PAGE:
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The adiponectin receptor AdipoR2 and its Caenorhabditis elegans homolog PAQR-2 prevent membrane rigidification by exogenous saturated fatty acids.

Journal article
Authors Ranjan Devkota
Emma Svensk
Mario Ruiz
Marcus Ståhlman
Jan Borén
Marc Pilon
Published in PLoS genetics
Volume 13
Issue 9
Pages e1007004
ISSN 1553-7404
Publication year 2017
Published at Wallenberg Laboratory
Department of Chemistry and Molecular Biology
Pages e1007004
Language en
Links dx.doi.org/10.1371/journal.pgen.100...
www.ncbi.nlm.nih.gov/entrez/query.f...
Subject categories Cell Biology, Genetics, Cell and molecular biology, Molecular biophysics, Biophysics, Biochemistry and Molecular Biology

Abstract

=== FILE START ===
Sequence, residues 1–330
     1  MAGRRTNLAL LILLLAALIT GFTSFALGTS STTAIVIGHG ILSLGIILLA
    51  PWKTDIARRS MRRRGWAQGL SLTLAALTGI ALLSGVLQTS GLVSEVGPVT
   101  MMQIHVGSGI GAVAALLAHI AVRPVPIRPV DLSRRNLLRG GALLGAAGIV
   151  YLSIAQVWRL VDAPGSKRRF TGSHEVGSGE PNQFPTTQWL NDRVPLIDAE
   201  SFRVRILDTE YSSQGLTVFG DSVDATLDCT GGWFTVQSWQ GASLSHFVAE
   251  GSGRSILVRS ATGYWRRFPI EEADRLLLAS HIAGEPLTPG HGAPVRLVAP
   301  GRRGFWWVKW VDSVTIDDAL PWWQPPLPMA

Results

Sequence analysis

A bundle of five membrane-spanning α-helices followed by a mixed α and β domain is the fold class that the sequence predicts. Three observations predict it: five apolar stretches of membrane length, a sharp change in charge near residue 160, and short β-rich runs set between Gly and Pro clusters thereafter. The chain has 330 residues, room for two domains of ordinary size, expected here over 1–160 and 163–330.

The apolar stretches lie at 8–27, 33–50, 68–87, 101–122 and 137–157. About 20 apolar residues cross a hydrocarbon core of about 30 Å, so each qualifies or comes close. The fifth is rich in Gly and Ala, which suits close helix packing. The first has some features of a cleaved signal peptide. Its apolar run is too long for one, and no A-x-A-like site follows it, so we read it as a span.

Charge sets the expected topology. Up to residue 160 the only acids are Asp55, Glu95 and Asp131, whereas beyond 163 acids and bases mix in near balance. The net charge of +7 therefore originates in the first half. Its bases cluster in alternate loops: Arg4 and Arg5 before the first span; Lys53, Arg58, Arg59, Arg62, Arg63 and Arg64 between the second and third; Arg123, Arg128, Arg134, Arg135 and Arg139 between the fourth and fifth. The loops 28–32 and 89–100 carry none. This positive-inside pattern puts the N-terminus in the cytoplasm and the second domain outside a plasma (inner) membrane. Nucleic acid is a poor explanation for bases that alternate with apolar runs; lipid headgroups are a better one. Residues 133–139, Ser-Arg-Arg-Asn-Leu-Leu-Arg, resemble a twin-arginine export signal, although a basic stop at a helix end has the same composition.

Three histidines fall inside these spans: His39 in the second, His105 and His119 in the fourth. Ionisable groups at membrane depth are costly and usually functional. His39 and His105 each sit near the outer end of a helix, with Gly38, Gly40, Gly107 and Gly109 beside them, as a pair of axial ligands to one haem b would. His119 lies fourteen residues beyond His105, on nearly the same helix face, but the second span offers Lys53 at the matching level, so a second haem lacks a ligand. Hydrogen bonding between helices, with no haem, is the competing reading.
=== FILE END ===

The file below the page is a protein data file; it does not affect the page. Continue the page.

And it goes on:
Dietary fatty acids can be incorporated directly into phospholipids. This poses a specific challenge to cellular membranes since their composition, hence properties, could greatly vary with different diets. That vast variations in diets are tolerated therefore implies the existence of regulatory mechanisms that monitor and regulate membrane compositions. Here we show that the adiponectin receptor AdipoR2, and its C. elegans homolog PAQR-2, are essential to counter the membrane rigidifying effects of exogenously provided saturated fatty acids. In particular, we use dietary supplements or mutated E. coli as food, together with direct measurements of membrane fluidity and composition, to show that diets containing a high ratio of saturated to monounsaturated fatty acids cause membrane rigidity and lethality in the paqr-2 mutant. We also show that mammalian cells in which AdipoR2 has been knocked-down by siRNA are unable to prevent the membrane-rigidifying effects of palmitic acid. We conclude that the PAQR-2 and AdipoR2 proteins share an evolutionarily conserved function that maintains membrane fluidity in the presence of exogenous saturated fatty acids.

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